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Chaperoning fat storage: The molecular basis of adiposity

November 27, 2023
Osaka University
Researchers found that HSP47, a collagen-specific chaperone, is a key determinant of body fat levels. HSP47 expression levels are upregulated with obesity and greater food intake and decreased with fasting, exercise, calorie restriction, bariatric surgery, and wasting syndrome, suggesting that HSP47 modulation has a profound effect on fat storage.

We all know that weight gain and weight loss are not as simple as "calories in, calories out," given that countless factors affect body weight. Now, researchers from Japan have identified a gene that may serve as a master regulator of fat storage under a wide range of conditions.

In a study published this month in Nature Communications, researchers from Osaka University have revealed that this single gene may be the key to body size.

Whether a person is lean or fat depends on a host of factors, from activity levels to food intake, illness, living environment, and more. Family history also clearly plays a role, but the genetic basis of body weight is still poorly understood.

"Fat is a unique tissue that is regulated by various nutritional, hormonal, and molecular factors," says lead author of the study Jihoon Shin. "However, a unified genetic basis for its regulation remains elusive."

To identify genetic factors responsible for fat deposition, the researchers analyzed gene expression data from fat tissue compared with other tissue types. The results showed that HSP47, a collagen-specific molecular chaperone, is a significant determinant of body fat levels.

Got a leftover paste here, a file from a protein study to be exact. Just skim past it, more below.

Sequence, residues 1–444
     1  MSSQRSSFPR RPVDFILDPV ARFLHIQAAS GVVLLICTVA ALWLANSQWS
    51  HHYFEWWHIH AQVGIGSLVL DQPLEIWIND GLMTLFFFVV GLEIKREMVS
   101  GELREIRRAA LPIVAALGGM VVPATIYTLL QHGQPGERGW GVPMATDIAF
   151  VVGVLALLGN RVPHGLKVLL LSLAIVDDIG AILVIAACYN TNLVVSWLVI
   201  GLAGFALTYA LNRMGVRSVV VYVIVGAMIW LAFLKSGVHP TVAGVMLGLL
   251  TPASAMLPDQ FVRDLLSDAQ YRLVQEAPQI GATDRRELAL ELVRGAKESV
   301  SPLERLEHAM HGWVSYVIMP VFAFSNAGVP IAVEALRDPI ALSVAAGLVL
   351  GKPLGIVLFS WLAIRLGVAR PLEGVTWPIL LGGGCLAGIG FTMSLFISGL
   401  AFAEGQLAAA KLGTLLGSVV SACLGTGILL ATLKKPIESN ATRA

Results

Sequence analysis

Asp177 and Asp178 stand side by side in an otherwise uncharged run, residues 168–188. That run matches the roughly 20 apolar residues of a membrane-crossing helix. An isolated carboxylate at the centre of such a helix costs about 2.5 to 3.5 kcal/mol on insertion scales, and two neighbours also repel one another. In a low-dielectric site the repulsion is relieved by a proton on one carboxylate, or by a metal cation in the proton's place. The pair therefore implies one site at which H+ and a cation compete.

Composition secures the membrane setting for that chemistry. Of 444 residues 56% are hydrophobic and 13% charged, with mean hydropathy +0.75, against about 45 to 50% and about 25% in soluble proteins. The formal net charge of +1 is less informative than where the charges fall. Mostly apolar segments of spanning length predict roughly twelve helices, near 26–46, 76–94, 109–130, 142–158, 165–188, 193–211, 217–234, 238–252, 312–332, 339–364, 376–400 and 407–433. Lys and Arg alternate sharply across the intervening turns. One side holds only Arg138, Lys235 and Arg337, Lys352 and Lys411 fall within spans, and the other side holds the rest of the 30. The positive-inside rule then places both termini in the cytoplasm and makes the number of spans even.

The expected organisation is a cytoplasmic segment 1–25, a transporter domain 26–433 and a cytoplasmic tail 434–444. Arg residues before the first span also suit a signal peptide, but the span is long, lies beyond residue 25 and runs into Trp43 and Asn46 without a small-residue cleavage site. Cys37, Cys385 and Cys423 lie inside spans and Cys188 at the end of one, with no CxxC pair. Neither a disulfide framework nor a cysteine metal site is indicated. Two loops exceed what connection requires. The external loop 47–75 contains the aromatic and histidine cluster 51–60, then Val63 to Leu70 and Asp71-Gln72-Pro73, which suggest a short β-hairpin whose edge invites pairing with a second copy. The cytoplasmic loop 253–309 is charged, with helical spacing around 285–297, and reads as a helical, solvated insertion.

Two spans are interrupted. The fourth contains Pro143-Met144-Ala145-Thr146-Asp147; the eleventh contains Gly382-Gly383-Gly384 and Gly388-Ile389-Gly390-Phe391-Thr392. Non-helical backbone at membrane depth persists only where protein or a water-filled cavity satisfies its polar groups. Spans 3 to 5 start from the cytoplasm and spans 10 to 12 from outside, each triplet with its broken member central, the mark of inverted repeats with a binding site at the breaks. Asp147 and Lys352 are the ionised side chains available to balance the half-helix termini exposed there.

"HSP47 is expressed at high levels in fat tissue and increases with obesity and greater food intake; in contrast, its expression level decreases with fasting, exercise, calorie restriction, bariatric surgery, and wasting syndrome," explains Iichiro Shimomura, senior author. "In addition, HSP47 expression correlates closely with fat mass, body mass index, waist circumference, and hip circumference."

Importantly, the researchers found that insulin, a hormone associated with fat storage or fat loss, increases HSP47 expression levels; while conversely, glucocorticoids decrease HSP47 expression levels. In addition, high or low HSP47 expression was linked to high or low body fat levels in both humans and mice.

"The findings from our study highlight the significant role that HSP47 plays in determining an individual's amount of body fat normally and in response to various factors such as disease or changing hormone levels," says Shin.

The identification of HSP47 as a key factor influencing fat storage provides a clear genetic basis for overall body fat levels and energy use. Given the central role of HSP47 in this process, it is possible that alterations in this gene could create metabolic disturbances.

Story Source:

Materials provided by Osaka University. Note: Content may be edited for style and length.

Journal Reference:

  1. Jihoon Shin, Shinichiro Toyoda, Yosuke Okuno, Reiko Hayashi, Shigeki Nishitani, Toshiharu Onodera, Haruyo Sakamoto, Shinya Ito, Sachiko Kobayashi, Hirofumi Nagao, Shunbun Kita, Michio Otsuki, Atsunori Fukuhara, Kazuhiro Nagata, Iichiro Shimomura. HSP47 levels determine the degree of body adiposity. Nature Communications, 2023; 14 (1) DOI: 10.1038/s41467-023-43080-x

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Osaka University. "Chaperoning fat storage: The molecular basis of adiposity." ScienceDaily. ScienceDaily, 27 November 2023. <>.
Osaka University. (2023, November 27). Chaperoning fat storage: The molecular basis of adiposity. ScienceDaily. Retrieved March 2, 2024 from
Osaka University. "Chaperoning fat storage: The molecular basis of adiposity." ScienceDaily. (accessed March 2, 2024).

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